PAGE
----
A scene from 'Vanilla Sky'
Courtesy Photo
**1/2 stars 136 minutes | Rated: R
Opened: Friday, December 14, 2001
Directed by Cameron Crowe

Starring Tom Cruise, Penelope Cruz, Cameron Diaz, Jason Lee, Kurt Russell, Noah Taylor, Timothy Spall, Alicia Witt, Tilda Swinton

Cameos by Steven Spielberg, Johnny Galecki, Tara Lipinski

Read our interview with Cameron Crowe Cameron Crowe interview for "Almost Famous"
Read our interview with Alejandro Amenabar Alejandro Amenabar, director of the original "Open Your Eyes" & "The Others"


Here's your opportunity to see "Open Your Eyes" instead of this overly-fleshed out, utterly dumbed-down remake.

   VIDEO RELEASE: 05.21.2002


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Crowe's soft-serve psych-thriller about a disfigured playboy losing his mind can't compare to its inspiration

By Rob Blackwelder

Imagine if someone remade "The Others," this year's most incredibly chilling haunted-house movie starring Nicole Kidman, but rewrote it to include Casper the Friendly Ghost. That should give you a pretty good idea what Cameron Crowe has done with "Vanilla Sky."

In 1997, Alejandro Amenabar -- writer and director of "The Others" -- created a stunning psychological thriller called "Open Your Eyes." It was about a rich, young lothario whose mind becomes a dangerous jumble of dreams, fantasies and delusions when he is horribly disfigured in a car crash the day after getting his first taste of real love.

Filled with ingenious twists and powerful emotions, it was a stirring brain-bender that could give you the tingles at any given moment.

Tom Cruise and Cameron Crowe ("Almost Famous," "Jerry Maguire") fell in love with "Open Your Eyes," bought the remake rights, borrowed the leading lady (Penelope Cruz stars in both films) and proceeded to turn it into a fanciful feel-good flick.

"Vanilla Sky" doesn't give you the tingles; it just tickles a little.

Cruise plays David Aames, a frivolous 33-year-old playboy who inherited a publishing empire from his father and has had only casual girlfriends his whole life. One of them is Julie (Cameron Diaz), an unstable knockout who has become obsessed with David after they spent a couple nights together.

Then at his 34th birthday party David meets sultry, sweet-hearted Sofia (Cruz) and becomes instantly smitten -- even though she arrived on the arm of his romantically frustrated best friend (Jason Lee). A charmingly romantic night of flirting is spent at Sofia's apartment, then when David leaves in the morning, he finds Julie waiting for him. He gets in her car, trying to play it cool, and she drives them off a bridge at 80 mph.

Crowe lingers silently on the wreckage in what is the last truly goose-pimply moment in the movie, before defusing most of the story's emotional import and spiraling shocks (including what should be a startling murder scene) with his particular brand of well-written but innocuous humor and with several wildly contrary, weightless pop tunes on the soundtrack.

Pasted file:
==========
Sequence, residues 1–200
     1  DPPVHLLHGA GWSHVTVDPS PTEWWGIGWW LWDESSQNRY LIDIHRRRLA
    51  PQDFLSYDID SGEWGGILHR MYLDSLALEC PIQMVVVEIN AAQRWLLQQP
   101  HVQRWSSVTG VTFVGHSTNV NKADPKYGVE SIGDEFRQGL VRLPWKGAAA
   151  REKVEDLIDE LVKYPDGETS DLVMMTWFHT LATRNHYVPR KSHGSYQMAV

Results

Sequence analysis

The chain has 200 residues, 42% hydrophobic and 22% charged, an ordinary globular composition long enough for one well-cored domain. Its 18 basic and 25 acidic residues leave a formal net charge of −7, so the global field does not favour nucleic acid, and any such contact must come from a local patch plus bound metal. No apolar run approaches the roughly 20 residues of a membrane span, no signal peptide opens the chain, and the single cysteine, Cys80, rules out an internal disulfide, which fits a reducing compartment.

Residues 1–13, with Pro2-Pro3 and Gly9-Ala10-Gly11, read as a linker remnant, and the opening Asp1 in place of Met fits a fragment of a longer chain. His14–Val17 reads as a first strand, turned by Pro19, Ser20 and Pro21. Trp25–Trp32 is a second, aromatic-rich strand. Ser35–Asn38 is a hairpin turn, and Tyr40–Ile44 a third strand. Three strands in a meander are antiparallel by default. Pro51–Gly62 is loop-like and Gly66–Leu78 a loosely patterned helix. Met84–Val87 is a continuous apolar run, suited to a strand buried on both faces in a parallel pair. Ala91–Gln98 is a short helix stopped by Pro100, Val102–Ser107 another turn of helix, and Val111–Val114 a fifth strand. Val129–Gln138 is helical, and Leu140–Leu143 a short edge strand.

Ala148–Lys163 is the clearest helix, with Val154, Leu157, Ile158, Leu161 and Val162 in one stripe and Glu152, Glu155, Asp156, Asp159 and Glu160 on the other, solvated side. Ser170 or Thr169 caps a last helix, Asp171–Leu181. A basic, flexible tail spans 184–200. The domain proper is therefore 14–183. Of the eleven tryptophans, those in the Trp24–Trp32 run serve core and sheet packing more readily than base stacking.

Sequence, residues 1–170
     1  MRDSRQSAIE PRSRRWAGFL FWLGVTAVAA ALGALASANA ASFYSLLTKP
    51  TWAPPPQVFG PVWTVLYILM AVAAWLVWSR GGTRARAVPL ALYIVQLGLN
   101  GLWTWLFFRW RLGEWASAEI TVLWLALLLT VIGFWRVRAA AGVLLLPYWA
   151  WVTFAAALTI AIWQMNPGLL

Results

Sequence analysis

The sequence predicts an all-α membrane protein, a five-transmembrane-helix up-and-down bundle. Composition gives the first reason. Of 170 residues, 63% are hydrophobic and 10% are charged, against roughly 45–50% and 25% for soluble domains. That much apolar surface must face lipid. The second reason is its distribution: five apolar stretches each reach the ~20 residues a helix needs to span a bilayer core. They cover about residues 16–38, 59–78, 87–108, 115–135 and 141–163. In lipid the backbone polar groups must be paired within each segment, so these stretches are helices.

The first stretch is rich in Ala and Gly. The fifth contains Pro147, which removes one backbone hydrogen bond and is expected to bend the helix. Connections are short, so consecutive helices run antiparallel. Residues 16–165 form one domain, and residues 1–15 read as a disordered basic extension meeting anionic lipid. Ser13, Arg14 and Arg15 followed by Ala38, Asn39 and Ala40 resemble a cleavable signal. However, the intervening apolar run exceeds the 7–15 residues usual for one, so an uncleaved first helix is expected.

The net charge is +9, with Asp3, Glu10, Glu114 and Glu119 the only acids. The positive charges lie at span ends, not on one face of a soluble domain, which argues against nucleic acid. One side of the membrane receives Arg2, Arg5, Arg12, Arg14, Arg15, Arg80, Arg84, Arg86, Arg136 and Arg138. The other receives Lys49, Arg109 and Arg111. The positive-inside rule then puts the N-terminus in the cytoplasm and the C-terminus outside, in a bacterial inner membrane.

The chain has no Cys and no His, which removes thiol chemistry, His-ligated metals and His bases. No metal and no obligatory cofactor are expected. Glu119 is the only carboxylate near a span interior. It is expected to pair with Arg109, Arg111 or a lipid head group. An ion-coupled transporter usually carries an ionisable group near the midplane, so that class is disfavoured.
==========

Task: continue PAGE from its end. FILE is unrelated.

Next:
Narrating from his prison cell as he's being psychoanalyzed for his murder trial (we know he's in jail but we don't know who's dead yet), David wears a rubbery prosthetic face mask to hide his mangled face as he recalls the events after the accident to his court-appointed shrink (Kurt Russell).

He tells of his misery at seeing Sofia distance herself from him, more because of the psychological toll the accident had taken on his personality than because of his disquieting visage. But then the same plastic surgeons that told him his was a lost case suddenly come back with a miraculous new reconstructive surgery proposal. Soon David got his life and Sofia back.

Or did he?

David's mind begins to unravel and soon he's seeing his scars in the mirror again, and Julie -- not Sofia -- in his bed. None of this tale sits well with the shrink, who insists that Julie is dead and David's face is fine, if he would just remove the mask and look for himself.

This is about the point in "Open Your Eyes" where Amenabar really pulls the rug out from under you. But in "Vanilla Sky," both the story and the clues to the movie's twists are over-simplified. Meanwhile, the flashy production design (holograms, vintage Ferraris, desks that turn into view screens) hints that maybe Crowe had too much money to play with and it muted his creativity.

This sometimes shot-for-shot "cover version," as Crowe has called it, does feature a talented cast that is clearly dedicated to the project heart and soul. Penelope Cruz gives her first really good English language performance (although she's better in the Spanish version). "Sky" also boasts Crowe's always-catchy dialogue ("She looks like the saddest girl to ever hold a martini.") and does flesh out the characters' lives in a way "Open Your Eyes" did not.

But the director's habitually blithe, soft-serve cinematic style -- which lent an innocent charm to sex, drugs and rock'n'roll in "Almost Famous" -- holds this movie back with its lack of gripping tension, emotional depth and psychological resonance.

For someone who hasn't been exposed to the brilliance of "Open Your Eyes," this picture may not be a disappointment -- even though its many surprises are so leisurely and so telegraphed that they almost fail to startle at all. But to those people I say, think of what "The Others" might have been like had Cameron Crowe been behind the camera, then stay home and rent "Open Your Eyes."


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